5. Loot!: Medicine ball exercises–pick 5 and do 15-20x according to target areas or workout goals (a small packed box or bag can be substituted)
  6. Return over the rocks: plyometrics with step or made platforms/old coffee table/etc. two-footed jump up and back down (1 rep) 20-30x
  7. Back down the beach: mountain climbers 40x each leg
  8. Row back to the boats: 25-35x (optional: add back pack)

If you find there are days when you just aren’t going to “make it back to the boat,” don’t worry!  There were days the Vikings didn’t either!  Sometimes they spent the winter in a warmer climate (France, Spain, Italy), and sometimes they hung around to enjoy the fat of the land at the expense of the residents:

843 A.D. Pirates of the Northmen’s race came to Nantes, killed the bishop and many of the clergy and laymen, both men and women, and pillaged the city. Thence they set out to plunder the lands of lower Aquitaine. At length they arrived at a certain island [the isle of Rhé, near La Rochelle, north of the mouth of the Garonne], and carried materials thither from the mainland to build themselves houses; and they settled there for the winter, as if that were to be their permanent dwelling-place.

~ The Annals of St. Bertin 

Just be aware that this was a gamble!  It was always possible that the king or a powerful lord or bishop would show up with an army and smack the Vikings around.  (Of course, sometimes they showed up and just paid the Vikings off!)

845. Then the other, came without meeting any resistance to Paris. Charles [the Bald] resolved to hold out against them; but seeing the impossibility of gaining a victory, he made with them a certain agreement and by a gift of 7,000 livres he bought them off from advancing farther and persuaded them to return. Euric, king of the Northmen, advanced, with six hundred vessels, along the course of the River Elbe to attack Louis of Germany. The Saxons prepared to meet him, gave battle, and with the aid of our Lord Jesus Christ won the victory. The Northmen returned down the Seine and coming to the ocean pillaged, destroyed, and burned all the regions along the coast.

~ The Annals of St. Bertin

For the most part, the Vikings were so devastingly effective because they arrived out of thin air with stealth and took what they wanted with speed and ferocity–put some of that in your workout!

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A History Of The Home

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A nice old American Foursquare

NPR interview with author Lucy Worsley:
http://www.npr.org/2012/03/09/148296032/if-walls-could-talk-a-history-of-the-home?device=iphone

NPR recently interviewed Lucy Worsley, author of If Walls could Talk, a history of the home.  In it, she describes the various traditions, habits, and practices in homes.  This reveals many of the social mores of the eras she encounters.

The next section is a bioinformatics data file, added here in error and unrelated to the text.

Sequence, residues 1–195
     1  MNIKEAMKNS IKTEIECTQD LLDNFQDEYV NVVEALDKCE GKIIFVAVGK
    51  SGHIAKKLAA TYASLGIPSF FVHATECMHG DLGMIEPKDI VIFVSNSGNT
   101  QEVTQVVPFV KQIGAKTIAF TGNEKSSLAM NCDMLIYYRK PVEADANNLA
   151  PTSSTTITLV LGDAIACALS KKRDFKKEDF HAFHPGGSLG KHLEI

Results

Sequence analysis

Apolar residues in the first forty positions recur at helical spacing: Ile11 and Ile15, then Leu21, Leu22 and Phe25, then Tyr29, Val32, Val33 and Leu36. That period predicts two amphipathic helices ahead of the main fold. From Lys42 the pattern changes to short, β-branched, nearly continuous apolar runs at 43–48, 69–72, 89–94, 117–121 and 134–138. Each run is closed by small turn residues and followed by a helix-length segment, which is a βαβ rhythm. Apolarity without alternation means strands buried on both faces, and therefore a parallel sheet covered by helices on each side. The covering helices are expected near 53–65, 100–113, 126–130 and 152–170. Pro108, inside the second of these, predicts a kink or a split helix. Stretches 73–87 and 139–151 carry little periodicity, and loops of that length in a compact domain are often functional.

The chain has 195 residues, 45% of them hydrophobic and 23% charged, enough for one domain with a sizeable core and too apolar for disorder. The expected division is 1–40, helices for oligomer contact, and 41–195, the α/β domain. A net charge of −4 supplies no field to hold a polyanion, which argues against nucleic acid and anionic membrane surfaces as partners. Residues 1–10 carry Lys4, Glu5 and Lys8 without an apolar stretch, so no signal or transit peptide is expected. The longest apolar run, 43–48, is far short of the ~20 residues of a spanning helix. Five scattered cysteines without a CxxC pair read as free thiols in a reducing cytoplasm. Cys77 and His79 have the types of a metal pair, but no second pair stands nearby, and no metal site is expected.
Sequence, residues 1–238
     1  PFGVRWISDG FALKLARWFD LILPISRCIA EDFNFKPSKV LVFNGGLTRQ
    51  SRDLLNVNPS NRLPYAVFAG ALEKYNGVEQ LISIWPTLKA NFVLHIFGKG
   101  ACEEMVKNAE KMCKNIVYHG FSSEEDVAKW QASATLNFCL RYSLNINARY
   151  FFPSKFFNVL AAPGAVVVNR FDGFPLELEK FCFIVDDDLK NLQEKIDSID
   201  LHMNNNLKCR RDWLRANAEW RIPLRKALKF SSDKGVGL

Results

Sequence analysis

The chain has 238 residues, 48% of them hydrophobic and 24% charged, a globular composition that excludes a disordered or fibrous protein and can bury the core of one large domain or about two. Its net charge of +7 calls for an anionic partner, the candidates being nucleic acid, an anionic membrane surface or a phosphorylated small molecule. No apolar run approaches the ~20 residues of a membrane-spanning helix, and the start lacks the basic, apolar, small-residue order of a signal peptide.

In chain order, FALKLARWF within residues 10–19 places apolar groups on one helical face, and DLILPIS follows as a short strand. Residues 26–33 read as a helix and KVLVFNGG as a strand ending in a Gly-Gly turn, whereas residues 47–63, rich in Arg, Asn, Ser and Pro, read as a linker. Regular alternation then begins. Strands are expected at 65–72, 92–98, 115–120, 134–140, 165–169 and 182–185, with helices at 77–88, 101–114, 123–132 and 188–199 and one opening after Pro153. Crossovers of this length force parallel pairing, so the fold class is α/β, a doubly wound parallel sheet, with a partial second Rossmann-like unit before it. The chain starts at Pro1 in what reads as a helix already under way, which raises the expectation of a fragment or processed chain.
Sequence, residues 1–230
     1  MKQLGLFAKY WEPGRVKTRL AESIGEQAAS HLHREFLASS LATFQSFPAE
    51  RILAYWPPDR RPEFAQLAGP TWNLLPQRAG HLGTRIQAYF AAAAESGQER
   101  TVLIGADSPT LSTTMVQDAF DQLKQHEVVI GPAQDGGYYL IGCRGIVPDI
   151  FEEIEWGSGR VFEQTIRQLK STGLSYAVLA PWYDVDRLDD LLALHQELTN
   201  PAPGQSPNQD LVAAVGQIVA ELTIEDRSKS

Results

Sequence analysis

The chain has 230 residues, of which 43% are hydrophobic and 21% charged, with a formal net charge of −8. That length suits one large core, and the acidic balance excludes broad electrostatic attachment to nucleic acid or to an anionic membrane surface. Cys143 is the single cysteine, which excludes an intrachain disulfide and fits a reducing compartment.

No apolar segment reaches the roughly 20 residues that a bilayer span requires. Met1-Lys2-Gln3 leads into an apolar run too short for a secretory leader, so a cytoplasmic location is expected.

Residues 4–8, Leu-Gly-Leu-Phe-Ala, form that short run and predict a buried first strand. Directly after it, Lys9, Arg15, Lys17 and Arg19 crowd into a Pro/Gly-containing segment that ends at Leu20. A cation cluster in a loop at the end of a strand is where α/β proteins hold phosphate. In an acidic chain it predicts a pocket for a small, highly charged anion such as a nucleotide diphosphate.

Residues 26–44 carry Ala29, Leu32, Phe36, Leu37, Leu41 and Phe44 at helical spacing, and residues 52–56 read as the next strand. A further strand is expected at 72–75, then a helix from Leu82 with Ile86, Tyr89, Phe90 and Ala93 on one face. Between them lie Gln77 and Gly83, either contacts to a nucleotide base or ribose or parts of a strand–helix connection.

And, what a useful way to delve into other historical eras!  Via her research on homes–something we all have in one way or another, accepting that home may be less stable or geographically specific for some.  A home, or our ideas of home, often share many things in common culturally, or sub-culturally.  A rural American idea may differ substantially from urban America, but even so many things will be in common.

I think it is also a great lead-in read for initiating a history of one’s own home.  Even in the case of a recently built house, there is plenty history attached to that plot of ground.  Houses come built in certain styles; different families have observed history from the front porch or living room; various improvements reflect changes in wealth and technology; the land on which the plot was shaped was something else before it was your front yard; all of which can be traced and brought to life through research. 

Such searches can be enriching in local history and bring to life elements that were once unknown or relegated to lore.  It trains one in the basics of historical research and often introduces one to unsuspected links in history.

The Smithsonian Museum of American History has an exhibit dedicated to just this inquiry.  An old colonial house in Massachusetts, has been rebuilt in the exhibit space and the different families that lived there over time have links to the Revolution and the Underground Railroad.  It’s a great family activity and voyage of discovery.

Teachers or other educators doing local history or state history programs can make this a longterm project for their classes, enlisting the help of the local historical society, library, preservation groups, and local records officials.  At the end of the project, a public museum / exhibit could be constructed featuring students’ homes and projects. 

But, before then, you may want to learn about other features of the home.  Lucy Worsley can even give you the background on flushing toilets!